Daryl Zero is the world's greatest private detective but, as summed up in
today's buzzwords, the man has some serious issues. We learn all about him,
good and bad, from two conversations at the start of the film. In the first,
Zero's mouthpiece is meeting with a client and giving a sales pitch. (Zero
never meets with anyone unless he is assuming a false identity.) In the second
conversation, the same mouthpiece is complaining about his eccentric employer
while conversing candidly with a close friend, his tongue set free by the twin
liberators of trust and alcohol. We learn that Zero really is as good as his
billing when it comes to detective work, but is more or less a complete
failure - a Zero, if you will - at any form of normal social interaction. He
has never been seen with a woman. When not solving a mystery, he is paranoid,
tactless, agoraphobic, and delusional. He resides securely behind an
impenetrable door which was intended to be a bank vault. If an intruder could
somehow breach that barrier, he would then be confronted with an anfractuous
maze of doors and corridors. If the intruder could somehow solve the maze and
reach the door to Zero's actual residence, he would require about a dozen keys
to navigate its locks. The frustrated mouthpiece must navigate these same
hurdles just to report to his boss face-to-face.
The film's basic premise intrigues us in the early going, but the narrative
is too talky, since the script essentially tells us about Zero through the
dual monologues of the mouthpiece, rather than through situations. We get
tired of watching a talking head shot, but the concept gets our attention
Once the mouthpiece has made his way to the inner sanctum, we begin to
suspect we have been had, and that the film will be nothing more than a
surreal farce, an episode of Ace Ventura, Pet Detective, except without the
pets. Zero has been playing one of his cacophonous musical compositions and he
asks the mouthpiece if he likes it. We already know from the opening monologue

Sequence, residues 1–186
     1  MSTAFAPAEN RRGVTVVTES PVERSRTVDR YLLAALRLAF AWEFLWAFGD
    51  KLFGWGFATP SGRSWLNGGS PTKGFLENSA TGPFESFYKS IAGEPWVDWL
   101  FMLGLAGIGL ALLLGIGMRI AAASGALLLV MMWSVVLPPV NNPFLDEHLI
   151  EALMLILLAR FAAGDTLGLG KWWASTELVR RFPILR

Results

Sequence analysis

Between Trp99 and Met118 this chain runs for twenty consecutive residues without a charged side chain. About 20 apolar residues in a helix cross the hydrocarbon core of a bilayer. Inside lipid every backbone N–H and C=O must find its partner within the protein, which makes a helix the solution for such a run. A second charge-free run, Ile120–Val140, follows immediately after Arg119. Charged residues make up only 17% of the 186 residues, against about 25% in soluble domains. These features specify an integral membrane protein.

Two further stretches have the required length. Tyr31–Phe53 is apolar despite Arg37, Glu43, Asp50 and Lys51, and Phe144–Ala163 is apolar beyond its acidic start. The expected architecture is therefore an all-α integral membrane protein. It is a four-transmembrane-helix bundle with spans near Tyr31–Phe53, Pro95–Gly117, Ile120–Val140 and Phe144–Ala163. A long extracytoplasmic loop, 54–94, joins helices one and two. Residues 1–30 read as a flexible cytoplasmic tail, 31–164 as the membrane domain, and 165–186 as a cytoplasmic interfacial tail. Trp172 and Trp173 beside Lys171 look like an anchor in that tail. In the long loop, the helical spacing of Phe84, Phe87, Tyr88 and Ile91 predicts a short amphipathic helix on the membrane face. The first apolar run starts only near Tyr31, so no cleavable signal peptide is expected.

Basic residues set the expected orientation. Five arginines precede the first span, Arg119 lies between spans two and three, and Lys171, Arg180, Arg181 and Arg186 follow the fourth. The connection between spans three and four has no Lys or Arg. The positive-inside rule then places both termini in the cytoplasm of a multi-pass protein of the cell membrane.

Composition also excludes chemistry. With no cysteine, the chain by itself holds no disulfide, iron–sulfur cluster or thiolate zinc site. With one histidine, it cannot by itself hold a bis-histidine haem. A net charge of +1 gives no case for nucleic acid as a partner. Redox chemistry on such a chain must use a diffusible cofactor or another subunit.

that the mouthpiece hates Zero's music, but he tactfully says, "Yes." His body
language and the tone of his voice would tell us he is lying even if we had
not already heard his frank opinion, but Zero does not seem to notice.
Wait just one second here.
Zero's character exposition already informed us that he was the greatest
analyst of human behavior in history, and that he was utterly tactless.
Granting those points, Zero must know that the mouthpiece is lying, and must
immediately note the lie with a rude remark. But Zero seems utterly clueless
to signs that could be picked up by a fifth grader. Huh? So are we to think
that everything we have heard about Zero is a lie? No, not at all. Zero later
proves to be exactly as first billed. The confusion is caused by a sloppy
piece of screenwriting.
So the film does not get off to an exceptionally good start. First there is
too much narration. Then, when we have heard Zero described, presumably
honestly, he has not lived up to our expectations. Furthermore Daryl Zero and
his mouthpiece both seem like asses at that point. I almost gave up on the
film right then and there.
I'm glad I didn't because Zero Effect is a terrific film. Whatever
clumsiness was being experienced by the author in those early scenes is
overcome completely, and the film evolves into quite a nifty little noir. Zero
is hired to find out who is blackmailing a magnate. It turns out that the
blackmailer is the good guy (girl, in this case), and the high-rolling client
is a murderous ass. It also turns out that the blackmailer is approximately as
smart as Zero himself, and engages him in an intriguing little game of cat and
mouse. He comes not only to respect her, but to love her as well. That places
him squarely on the horns of a dilemma. If he satisfies his client and
identifies the blackmailer, the client will kill her. But if he saves the
woman he loves, he will sully his impeccable reputation and ruin his perfect
record of client satisfaction. Quite the quandary.
Well, Zero is the smartest guy in the world, so we know he'll figure
it all out somehow, but finding out how he does it is what keeps us watching.
As we watch, we overcome our initial judgment that Mr Zero is an utter
asshole. We even start to like his sardonic mouthpiece, because we realize
that working for Daryl Zero is about as demanding as any job has ever been,
and even a slick, stylish lawyer may have ideals, sweetness, and a loving
relationship at home which is constantly strained by Mr Zero's demands.
The film's complex narrative and its many plot contrivances are clearly
inspired by the noir films of the 1940s and 1950s, but that derivation is